|Sherwood Park Freeway|
|Maintained by the City of Edmonton|
& Alberta Transportation
|Length||7.1 km (4.4 mi)|
|History||1964 (construction begins)|
|West end||71 Street in Edmonton|
|East end||Hwy 216|
|Provincial highways in Alberta
Sherwood Park Freeway is a 7.1-kilometre (4.4 mi) freeway that connects east Edmonton to Sherwood Park in Alberta, Canada. It begins in the Gainer Industrial area where Argyll Road and 82 (Whyte) Avenue merge before intersecting 50 Street. It then curves slightly northeast through industrial areas in southeast Edmonton across 34 Street into Strathcona County, then across 17 Street after which the freeway ends at Anthony Henday Drive. It then continues into Sherwood Park as Wye Road (Highway 630). It is primarily a commuter route, with heavier weekday volume westbound in the morning and eastbound in the afternoon as residents of Sherwood Park commute to Edmonton.
Officially designated by Alberta Transportation as Highway 100, construction of Sherwood Park Freeway was completed in 1968 as a free-flowing alignment of Highway 14 several hundred metres north of the former two-lane road which was then re-signed as Highway 14A, and is now known as 76 Avenue. Whitemud Drive took over the designation of Highway 14 upon its completion in the late 1990s.
Sherwood Park Freeway is a suburban freeway with a grass median for its entire length, bisecting industrial and commercial areas in southeast Edmonton and at the western edge of Strathcona County. The freeway begins south of the Kenilworth neighbourhood in the Gainer Industrial area. Immediately east of 71 Street, two lanes each from 82 Avenue and Argyll Road converge, eventually merging to form two eastbound lanes with a posted speed limit of 80 km/h (50 mph). The freeway passes underneath a railway overpass to a diamond interchange at 50 Street, after which the speed limit increases to 100 km/h (62 mph) and the road passes between the Morris Industrial area to the north and the Weir Industrial area to the south. The freeway then reaches a second diamond interchange at 34 Street and enters Strathcona County. Between 34 Street and Anthony Henday Drive, the boundary between Edmonton and Strathcona County follows the southern edge of Sherwood Park Freeway's right of way. The speed limit is reduced to 80 km/h prior to a third diamond interchange at 17 Street.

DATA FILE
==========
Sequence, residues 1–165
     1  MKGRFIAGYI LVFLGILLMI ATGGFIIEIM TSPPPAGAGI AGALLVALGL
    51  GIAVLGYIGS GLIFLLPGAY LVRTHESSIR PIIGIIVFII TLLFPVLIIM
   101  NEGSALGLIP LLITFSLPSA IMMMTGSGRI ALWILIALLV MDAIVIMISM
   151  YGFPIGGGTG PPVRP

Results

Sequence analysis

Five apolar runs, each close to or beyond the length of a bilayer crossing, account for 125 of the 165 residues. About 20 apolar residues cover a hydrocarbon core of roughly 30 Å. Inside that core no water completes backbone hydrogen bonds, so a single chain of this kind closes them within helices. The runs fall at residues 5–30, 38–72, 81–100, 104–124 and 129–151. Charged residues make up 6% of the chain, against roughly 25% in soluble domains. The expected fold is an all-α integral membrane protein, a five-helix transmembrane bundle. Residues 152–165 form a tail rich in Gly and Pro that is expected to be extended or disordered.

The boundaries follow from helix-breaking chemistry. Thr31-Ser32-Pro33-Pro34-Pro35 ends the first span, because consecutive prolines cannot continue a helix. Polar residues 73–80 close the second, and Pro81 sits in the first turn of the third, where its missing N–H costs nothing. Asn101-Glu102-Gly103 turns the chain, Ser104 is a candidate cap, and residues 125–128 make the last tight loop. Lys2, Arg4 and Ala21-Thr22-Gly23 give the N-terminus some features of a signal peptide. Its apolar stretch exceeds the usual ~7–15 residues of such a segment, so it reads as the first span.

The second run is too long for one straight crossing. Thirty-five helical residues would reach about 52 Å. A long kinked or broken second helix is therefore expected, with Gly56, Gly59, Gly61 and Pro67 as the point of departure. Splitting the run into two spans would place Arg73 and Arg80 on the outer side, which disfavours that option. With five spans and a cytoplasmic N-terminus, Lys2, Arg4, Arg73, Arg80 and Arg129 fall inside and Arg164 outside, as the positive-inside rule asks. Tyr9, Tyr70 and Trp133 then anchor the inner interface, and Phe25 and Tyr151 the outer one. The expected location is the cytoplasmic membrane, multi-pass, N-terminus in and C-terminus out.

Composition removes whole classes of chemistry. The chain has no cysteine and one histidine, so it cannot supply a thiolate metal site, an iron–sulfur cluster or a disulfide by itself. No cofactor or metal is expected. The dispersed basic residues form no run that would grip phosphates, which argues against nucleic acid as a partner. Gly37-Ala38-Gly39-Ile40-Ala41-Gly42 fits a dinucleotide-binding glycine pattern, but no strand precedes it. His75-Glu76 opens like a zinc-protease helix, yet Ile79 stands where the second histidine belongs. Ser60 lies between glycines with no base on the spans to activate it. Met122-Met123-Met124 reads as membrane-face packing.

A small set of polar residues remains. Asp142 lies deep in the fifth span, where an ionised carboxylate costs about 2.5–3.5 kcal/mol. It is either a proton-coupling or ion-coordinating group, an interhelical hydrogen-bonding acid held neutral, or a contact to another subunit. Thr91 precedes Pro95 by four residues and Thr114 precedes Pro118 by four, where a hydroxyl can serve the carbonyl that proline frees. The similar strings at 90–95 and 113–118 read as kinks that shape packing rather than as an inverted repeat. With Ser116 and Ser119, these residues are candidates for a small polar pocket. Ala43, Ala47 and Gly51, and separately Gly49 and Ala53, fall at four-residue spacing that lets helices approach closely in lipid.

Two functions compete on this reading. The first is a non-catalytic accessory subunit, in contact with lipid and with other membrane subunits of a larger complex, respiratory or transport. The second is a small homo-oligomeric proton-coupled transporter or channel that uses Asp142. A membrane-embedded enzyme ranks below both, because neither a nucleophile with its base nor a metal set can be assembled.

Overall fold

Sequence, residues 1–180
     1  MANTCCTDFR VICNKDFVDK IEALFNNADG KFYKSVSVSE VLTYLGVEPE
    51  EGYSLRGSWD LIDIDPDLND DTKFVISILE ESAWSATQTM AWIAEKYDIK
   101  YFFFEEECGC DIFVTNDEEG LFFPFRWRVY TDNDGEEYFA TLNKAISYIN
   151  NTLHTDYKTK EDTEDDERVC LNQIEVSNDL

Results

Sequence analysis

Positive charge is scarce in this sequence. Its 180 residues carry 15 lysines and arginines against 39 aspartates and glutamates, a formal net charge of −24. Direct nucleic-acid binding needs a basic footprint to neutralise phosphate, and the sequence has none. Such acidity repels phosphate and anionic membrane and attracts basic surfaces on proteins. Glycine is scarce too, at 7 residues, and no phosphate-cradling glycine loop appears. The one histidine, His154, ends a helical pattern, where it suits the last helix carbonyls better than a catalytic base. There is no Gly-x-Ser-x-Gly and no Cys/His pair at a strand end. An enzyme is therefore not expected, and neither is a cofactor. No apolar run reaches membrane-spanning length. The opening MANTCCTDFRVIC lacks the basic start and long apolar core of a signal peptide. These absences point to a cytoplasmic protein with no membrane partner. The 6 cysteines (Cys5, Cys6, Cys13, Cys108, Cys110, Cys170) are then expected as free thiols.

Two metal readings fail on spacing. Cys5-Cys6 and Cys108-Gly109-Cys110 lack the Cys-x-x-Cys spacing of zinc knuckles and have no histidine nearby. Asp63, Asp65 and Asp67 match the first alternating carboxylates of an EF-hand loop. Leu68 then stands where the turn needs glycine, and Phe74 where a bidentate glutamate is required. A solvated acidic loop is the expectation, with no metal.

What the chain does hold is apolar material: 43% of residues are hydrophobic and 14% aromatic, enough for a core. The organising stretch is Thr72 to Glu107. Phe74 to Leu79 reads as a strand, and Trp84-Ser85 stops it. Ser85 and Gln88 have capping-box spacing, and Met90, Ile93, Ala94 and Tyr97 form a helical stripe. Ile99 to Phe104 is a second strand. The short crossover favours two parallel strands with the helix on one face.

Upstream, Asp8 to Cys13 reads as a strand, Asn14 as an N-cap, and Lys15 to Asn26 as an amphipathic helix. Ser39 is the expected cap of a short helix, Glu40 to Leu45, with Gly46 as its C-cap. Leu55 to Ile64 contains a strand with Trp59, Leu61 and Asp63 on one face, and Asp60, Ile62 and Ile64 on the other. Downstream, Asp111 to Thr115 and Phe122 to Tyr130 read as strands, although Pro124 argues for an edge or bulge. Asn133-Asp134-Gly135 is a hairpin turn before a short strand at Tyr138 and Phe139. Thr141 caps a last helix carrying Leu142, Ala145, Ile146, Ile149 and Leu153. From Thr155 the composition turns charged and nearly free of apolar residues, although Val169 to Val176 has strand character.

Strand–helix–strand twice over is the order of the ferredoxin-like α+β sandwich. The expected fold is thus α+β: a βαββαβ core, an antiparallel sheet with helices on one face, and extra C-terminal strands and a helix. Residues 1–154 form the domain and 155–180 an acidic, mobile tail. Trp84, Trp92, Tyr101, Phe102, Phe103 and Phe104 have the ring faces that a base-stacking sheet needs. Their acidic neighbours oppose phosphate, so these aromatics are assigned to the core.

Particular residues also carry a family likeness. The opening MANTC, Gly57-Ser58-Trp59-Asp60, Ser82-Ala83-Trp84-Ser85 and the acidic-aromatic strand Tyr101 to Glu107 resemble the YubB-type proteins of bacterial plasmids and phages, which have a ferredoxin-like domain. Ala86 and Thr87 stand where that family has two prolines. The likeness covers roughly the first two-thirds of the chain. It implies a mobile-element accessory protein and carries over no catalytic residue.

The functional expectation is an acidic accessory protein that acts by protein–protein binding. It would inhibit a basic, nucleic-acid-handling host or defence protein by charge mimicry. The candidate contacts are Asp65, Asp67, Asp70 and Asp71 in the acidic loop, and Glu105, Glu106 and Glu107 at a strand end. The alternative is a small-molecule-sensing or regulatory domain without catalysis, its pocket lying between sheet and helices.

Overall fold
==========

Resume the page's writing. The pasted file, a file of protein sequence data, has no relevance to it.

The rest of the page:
Shortly after 17 Street, the freeway meets Anthony Henday Drive at a combination interchange. A high capacity, two-lane, semi-directional flyover carries traffic eastbound on Sherwood Park Freeway to northbound Anthony Henday Drive. The other three left turn movements are provided by loop ramps. 800 m (2,600 ft) east of Anthony Henday Drive, the Highway 100 and Sherwood Park Freeway designations officially end, and the freeway continues as a major arterial named Wye Road into Sherwood Park. Wye Road continues through Sherwood Park becoming Highway 630 at Highway 21, travelling through the rural areas of Strathcona County, eventually connecting with Highway 14 west of Tofield.
The eastern half of the route from 34 Street to Anthony Henday Drive is designated as Highway 100 by Alberta Transportation, but is not signed as such at any point along the route. The western segment is under the jurisdiction of the City of Edmonton. Between Anthony Henday Drive and 17 Street, Sherwood Park Freeway carried approximately 40,000 vehicles per day in 2019, with heavy westbound volume in the morning peak hours and eastbound in the afternoon as commuters travel to and from the primarily residential community of Sherwood Park.